Perhaps with only the exception of Donald Trump himself, Attorney General William Barr has emerged this year as one of the most important and transformative figures in American politics. As the head of the Justice Department, Barr has made it clear that things in Washington – and around the country – are going badly astray. Under his purview, the DOJ has refocused its attention on the Chinese threat, on protecting free speech and freedom of religion, and on battling corrupt Democrats on Capitol Hill who want to turn every political disagreement into a matter of law.
While Barr has rankled feathers across the Democratic Party and the media for his willingness to call out corruption and evil where he sees it, his remarks this week at Hillsdale College in Michigan came as a surprise to many. In his remarks, Barr not only criticized the usual suspects, he also turned a sharp eye towards his own Department of Justice. Barr said that he has prosecutors under his command more interested in being “headhunters” on the prowl for prominent suspects than they are in defending the Constitution.
Barr also took exception to the idea that it is somehow inappropriate for him to weigh in on individual cases, assuring listeners that as Attorney General, he is invested with the full prosecutorial power – and discretion – of the federal government. That means, he explained, that he has every right (if not the duty) to overrule the “permanent bureaucracy” of lifetime prosecutors in the agency.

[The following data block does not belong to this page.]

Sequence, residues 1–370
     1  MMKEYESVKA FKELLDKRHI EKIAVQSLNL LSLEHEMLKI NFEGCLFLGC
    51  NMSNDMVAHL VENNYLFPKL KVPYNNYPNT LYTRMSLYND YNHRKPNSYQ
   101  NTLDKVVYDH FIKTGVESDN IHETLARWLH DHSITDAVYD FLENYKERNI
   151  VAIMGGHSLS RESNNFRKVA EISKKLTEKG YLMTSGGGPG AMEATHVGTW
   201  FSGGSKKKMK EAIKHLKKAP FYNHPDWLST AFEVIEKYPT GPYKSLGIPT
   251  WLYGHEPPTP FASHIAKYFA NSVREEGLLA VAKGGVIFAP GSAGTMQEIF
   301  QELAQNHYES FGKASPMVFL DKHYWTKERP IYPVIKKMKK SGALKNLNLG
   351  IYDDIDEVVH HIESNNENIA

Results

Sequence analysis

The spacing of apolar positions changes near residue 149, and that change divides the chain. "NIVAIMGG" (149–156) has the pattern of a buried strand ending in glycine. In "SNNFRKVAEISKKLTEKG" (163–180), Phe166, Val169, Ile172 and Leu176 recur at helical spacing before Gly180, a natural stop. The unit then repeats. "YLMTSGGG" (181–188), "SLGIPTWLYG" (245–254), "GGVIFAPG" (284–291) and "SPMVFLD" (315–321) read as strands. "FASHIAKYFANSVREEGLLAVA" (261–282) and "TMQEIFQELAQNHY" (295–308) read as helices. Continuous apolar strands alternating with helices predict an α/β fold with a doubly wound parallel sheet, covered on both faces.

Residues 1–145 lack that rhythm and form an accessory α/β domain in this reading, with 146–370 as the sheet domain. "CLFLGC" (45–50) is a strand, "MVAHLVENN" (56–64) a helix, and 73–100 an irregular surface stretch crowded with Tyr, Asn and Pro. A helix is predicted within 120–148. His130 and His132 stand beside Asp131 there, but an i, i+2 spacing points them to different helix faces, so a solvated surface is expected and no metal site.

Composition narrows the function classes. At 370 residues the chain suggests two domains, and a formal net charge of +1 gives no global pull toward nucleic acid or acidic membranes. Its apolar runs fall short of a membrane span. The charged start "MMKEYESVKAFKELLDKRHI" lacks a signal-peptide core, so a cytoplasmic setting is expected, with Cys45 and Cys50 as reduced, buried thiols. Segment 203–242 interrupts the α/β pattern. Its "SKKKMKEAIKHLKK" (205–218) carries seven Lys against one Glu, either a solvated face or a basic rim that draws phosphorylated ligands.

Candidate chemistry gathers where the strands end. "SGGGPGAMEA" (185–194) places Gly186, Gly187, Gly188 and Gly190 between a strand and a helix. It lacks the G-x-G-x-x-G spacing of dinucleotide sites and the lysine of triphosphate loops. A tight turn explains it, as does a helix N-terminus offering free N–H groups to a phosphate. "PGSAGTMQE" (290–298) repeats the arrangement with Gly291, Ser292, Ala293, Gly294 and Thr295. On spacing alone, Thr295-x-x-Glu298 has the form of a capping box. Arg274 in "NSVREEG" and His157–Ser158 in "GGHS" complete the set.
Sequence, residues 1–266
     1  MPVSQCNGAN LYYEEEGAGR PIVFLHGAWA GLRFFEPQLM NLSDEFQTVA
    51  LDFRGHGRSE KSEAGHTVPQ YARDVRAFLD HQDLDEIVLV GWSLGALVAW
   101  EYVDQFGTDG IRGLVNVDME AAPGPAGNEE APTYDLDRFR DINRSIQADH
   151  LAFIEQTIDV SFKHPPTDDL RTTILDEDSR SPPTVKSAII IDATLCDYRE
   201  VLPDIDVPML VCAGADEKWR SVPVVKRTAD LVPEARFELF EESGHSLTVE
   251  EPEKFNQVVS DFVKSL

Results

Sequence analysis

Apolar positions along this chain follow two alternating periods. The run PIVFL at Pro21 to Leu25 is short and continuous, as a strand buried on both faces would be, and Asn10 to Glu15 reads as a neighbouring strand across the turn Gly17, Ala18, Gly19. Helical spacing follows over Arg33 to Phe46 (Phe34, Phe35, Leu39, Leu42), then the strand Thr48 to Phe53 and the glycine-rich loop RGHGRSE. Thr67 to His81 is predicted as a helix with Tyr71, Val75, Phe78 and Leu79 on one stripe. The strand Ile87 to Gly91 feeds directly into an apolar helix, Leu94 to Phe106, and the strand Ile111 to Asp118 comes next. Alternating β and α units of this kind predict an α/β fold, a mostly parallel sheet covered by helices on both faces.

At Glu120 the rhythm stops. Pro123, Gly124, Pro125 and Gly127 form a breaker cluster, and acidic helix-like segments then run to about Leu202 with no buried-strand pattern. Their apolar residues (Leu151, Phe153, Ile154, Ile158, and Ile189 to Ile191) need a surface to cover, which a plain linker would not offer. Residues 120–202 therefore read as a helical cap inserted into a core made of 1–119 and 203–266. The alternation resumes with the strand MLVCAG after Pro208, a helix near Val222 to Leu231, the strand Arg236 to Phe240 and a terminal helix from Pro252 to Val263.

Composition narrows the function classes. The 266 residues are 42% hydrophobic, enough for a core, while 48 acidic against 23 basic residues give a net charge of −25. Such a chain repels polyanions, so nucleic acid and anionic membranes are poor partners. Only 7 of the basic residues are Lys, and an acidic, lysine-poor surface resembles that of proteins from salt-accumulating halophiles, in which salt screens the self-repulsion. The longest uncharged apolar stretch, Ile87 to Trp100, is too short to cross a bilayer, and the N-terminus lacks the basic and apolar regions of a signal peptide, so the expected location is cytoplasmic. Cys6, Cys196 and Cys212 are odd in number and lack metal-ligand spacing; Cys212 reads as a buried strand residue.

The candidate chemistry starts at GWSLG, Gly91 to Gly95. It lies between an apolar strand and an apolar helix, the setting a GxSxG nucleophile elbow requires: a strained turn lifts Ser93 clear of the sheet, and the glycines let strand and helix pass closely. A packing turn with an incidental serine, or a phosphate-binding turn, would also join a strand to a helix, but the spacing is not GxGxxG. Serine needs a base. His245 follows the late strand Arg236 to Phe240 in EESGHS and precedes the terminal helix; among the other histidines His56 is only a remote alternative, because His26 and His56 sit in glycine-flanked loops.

“The men and women who have ultimate authority in the Justice Department are thus the ones on whom our elected officials have conferred that responsibility — by presidential appointment and Senate confirmation,” Barr said. “That blessing by the two political branches of government gives these officials democratic legitimacy that career officials simply do not possess.
“Name one successful organization where the lowest level employees’ decisions are deemed sacrosanct. There aren’t any,” Barr continued. “Letting the most junior members set the agenda might be a good philosophy for a Montessori preschool, but it’s no way to run a federal agency. Good leaders at the Justice Department — as at any organization — need to trust and support their subordinates. But that does not mean blindly deferring to whatever those subordinates want to do.”
Barr, of course, has faced criticism for putting his thumb on the scale in the Roger Stone case, and Democrats have eyed his investigation of the origins of the Russia probe with an equally critical eye. But in his Hillsdale remarks, Barr made it clear that when it comes to prosecutorial decisions at the federal level, he is the final word.
And maybe – just maybe – if the career prosecutors underneath him were more concerned with justice than trying to “get” the guy in the White House, Barr wouldn’t have to make so many of these decisions himself.